Bulletin for Sunday, March 4, 2012: 2nd Sunday in Lent

There is a famous Black theologian who was a great influence on Martin Luther King. When I was in divinity school I devoured everything of his that I could find, because it was food for my mind and my soul. One thing about his writing bothered me, though. He was brilliant in recognizing the oppression of Black people and in seeing that Jesus stands with the disinherited: but at the same time I saw in his writing a constant, unconscious sexism. He could see clearly the wrong that was done to people because of the color of their skin, but it seemed to me that he did not see the assumptions he had about the natural order of the world as it pertains to men and women.

When I saw that, I wondered --- in another fifty years, when people look back at us, now, what will be glaringly obvious to them, that we can’t even see? What prejudices do I have that I’m not aware of?

In feminism it’s the same thing! White women began the feminist movement in the 1960’s. Pretty soon, women of color were saying, “hey! This looks different to us! You have to hear our voices, too!” and so the womanist movement was born. Latina women, too, had a different perspective; theirs is called mujerista theology. But there was more awareness to come. In a book called “Sexuality and the Black Church: a Womanist Perspective,” Kelly Brown Douglas challenged the Black church to grow in its attitude toward homosexuality. There’s always someone else to be included.

So who are we leaving out, now? What attitudes are we not even aware of? Who is next to open our eyes to their exclusion?

I think the next barrier is classism.

Last week, someone posted something on Facebook that said, “ Feeling ugly? Go chill in Walmart for 2 hours. You’ll feel a LOT better.” Even a few months ago, that wouldn’t have bothered me. But I’ve been spending a lot of time in Walmart, lately. Walmart is where the poor people shop, because whatever you need, it’s probably there, and at a price less than other places. It’s where you go to look for bottled water if you don’t trust the water coming out of the tap in the shack the farmer is letting you use for the winter. It’s where you go to look for rubber gloves to protect your hands while you’re washing and sorting potatoes each day in the bodega, or for baby clothes to send to your sister in Mexico. And in my case, it’s where you might go to look for a comal so you can cook tortillas… a comal that will be lined with pieces cut from a Walmart bag so the tortillas don’t stick.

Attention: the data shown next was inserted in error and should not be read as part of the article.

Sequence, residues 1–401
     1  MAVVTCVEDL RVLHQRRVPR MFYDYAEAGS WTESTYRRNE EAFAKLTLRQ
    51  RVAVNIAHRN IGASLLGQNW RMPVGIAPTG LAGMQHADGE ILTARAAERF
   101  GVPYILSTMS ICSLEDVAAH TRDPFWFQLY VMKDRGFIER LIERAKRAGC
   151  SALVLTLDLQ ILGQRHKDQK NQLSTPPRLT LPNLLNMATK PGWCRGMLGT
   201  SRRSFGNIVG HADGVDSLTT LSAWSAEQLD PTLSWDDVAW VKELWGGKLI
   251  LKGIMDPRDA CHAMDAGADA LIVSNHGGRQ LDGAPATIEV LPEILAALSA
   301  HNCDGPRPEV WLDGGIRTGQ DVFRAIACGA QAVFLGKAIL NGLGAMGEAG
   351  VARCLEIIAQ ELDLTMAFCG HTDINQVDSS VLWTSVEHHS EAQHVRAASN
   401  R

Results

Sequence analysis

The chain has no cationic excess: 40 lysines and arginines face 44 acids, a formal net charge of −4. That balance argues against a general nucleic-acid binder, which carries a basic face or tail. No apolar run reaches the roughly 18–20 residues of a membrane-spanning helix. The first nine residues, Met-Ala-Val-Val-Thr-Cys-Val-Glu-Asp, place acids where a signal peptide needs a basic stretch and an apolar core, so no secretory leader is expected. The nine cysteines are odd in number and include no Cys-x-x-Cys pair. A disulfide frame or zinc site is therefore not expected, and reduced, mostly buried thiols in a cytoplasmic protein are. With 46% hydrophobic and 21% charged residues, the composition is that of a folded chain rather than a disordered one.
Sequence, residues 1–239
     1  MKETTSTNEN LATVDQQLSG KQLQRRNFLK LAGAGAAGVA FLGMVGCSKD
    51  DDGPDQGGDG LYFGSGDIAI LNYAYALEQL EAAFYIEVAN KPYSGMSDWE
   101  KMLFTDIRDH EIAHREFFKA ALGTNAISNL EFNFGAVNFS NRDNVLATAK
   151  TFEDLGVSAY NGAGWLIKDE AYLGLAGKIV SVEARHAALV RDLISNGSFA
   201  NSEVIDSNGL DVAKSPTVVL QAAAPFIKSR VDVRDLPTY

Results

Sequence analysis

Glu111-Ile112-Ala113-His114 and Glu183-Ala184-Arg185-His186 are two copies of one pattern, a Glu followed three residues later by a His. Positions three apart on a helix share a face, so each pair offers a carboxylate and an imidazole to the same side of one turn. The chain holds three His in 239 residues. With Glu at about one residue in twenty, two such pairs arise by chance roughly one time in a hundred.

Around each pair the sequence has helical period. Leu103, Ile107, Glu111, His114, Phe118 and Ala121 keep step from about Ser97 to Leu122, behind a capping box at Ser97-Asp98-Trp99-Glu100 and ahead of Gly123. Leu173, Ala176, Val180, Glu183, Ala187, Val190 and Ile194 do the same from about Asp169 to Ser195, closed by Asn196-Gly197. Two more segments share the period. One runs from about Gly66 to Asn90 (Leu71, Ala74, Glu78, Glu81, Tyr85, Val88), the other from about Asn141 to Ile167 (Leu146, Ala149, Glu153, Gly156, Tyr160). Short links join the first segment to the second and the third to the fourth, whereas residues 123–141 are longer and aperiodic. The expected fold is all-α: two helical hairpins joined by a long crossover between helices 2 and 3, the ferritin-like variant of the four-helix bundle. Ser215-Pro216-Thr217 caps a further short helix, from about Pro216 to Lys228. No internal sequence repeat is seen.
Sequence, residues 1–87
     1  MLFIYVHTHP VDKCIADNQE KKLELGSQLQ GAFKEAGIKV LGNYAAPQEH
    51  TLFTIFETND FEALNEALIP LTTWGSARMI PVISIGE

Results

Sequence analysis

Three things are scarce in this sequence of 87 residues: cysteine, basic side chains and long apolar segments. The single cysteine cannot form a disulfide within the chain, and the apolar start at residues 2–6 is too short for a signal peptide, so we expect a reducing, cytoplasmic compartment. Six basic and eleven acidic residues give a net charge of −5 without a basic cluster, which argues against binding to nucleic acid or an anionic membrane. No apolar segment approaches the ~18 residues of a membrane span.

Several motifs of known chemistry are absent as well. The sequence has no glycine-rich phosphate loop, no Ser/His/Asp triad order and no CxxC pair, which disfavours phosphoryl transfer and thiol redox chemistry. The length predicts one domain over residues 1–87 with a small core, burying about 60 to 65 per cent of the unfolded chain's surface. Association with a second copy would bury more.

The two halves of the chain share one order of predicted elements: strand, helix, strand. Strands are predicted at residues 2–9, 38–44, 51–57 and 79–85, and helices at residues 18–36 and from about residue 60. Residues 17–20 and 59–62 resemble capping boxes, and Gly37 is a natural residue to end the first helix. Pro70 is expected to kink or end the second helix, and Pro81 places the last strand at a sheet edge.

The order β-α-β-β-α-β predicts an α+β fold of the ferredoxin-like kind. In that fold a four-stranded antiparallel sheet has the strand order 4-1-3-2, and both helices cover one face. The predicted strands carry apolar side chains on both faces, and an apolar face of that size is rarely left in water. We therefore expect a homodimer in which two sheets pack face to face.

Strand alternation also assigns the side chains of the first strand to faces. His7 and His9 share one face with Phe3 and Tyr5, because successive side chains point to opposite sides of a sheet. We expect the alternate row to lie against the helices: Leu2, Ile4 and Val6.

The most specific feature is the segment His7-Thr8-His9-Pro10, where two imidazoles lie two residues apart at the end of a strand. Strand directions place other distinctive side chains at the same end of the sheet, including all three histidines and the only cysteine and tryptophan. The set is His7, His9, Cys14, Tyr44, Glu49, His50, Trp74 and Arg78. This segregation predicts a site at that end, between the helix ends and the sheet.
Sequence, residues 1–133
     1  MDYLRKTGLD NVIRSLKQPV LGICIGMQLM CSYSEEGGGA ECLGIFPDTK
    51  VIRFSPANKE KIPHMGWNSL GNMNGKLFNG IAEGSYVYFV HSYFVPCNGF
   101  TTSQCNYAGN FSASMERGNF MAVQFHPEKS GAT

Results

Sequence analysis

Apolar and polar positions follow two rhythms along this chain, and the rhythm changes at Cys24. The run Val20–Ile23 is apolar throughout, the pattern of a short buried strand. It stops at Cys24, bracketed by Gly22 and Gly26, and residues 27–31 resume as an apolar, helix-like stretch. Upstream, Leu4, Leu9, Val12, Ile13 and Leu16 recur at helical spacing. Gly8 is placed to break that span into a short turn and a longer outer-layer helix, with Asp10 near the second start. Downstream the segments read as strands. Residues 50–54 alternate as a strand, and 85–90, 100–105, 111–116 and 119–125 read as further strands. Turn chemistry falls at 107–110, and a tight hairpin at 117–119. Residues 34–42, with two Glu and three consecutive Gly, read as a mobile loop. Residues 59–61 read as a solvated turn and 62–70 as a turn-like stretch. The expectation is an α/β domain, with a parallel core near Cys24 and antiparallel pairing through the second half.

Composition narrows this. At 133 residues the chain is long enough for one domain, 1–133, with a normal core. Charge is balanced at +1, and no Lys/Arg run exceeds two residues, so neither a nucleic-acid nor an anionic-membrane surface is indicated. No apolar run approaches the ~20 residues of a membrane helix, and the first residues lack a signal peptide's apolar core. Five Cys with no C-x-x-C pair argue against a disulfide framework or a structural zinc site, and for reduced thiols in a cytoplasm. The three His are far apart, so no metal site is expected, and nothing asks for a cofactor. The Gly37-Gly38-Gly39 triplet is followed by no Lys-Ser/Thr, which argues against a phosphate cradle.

So with that new awareness, I noticed in a way that I wouldn’t have before, the offhandedness with which we educated, middle class people laugh at people with less education and experience. People were “liking” that post who would never laugh at a joke about gay people or Black people, or women. A friend of mine who is a Presbyterian minister says that she goes to Walmart to pray. She walks around, looking at people and praying for them. I like that. Given the people that Jesus chose to hang out with 2,000 years ago, I think it’s actually a pretty safe bet that if Jesus were in Upstate New York right now, these are the people he would be talking to. The people on the bottom, those people he said were blessed and would inherit the earth.

…those people who work ten hours a day, six days a week, doing work people who are born here won’t do, living in unhealthy spaces, then getting punished for being here. Please pray this week as we head again to immigration court. Wednesday, the young man in our community who was detained in September will go before the judge, most likely to get a date to reappear some time in 2013. He also has a court appearance next week related to the traffic stop at which he was taken by the border patrol. He’s carrying more responsibility and worry than any teenager ought to have.

So pray, please.
Blessings and peace to you. May your Lent be a time of growth and new life!

Love and light to all

Oscar Romero Church
An Inclusive Community of Liberation, Justice and Joy
Worshiping in the Catholic Tradition
Mass: Sundays, 11 am
St Joseph's House of Hospitality, 402 South Ave, Rochester NY 14620